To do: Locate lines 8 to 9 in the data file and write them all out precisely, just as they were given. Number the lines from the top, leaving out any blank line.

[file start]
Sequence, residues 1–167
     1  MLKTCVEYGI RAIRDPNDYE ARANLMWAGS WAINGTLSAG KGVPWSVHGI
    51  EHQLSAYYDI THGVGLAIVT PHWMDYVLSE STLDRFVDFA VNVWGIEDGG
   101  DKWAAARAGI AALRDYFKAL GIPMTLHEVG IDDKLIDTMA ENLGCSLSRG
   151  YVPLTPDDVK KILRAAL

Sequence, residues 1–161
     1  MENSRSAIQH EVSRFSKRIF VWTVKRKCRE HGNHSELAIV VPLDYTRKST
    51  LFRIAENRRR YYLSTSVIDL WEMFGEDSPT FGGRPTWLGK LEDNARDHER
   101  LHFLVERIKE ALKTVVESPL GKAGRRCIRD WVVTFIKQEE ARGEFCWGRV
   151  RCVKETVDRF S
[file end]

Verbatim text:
    51  LFRIAENRRR YYLSTSVIDL WEMFGEDSPT FGGRPTWLGK LEDNARDHER
   101  LHFLVERIKE ALKTVVESPL GKAGRRCIRD WVVTFIKQEE ARGEFCWGRV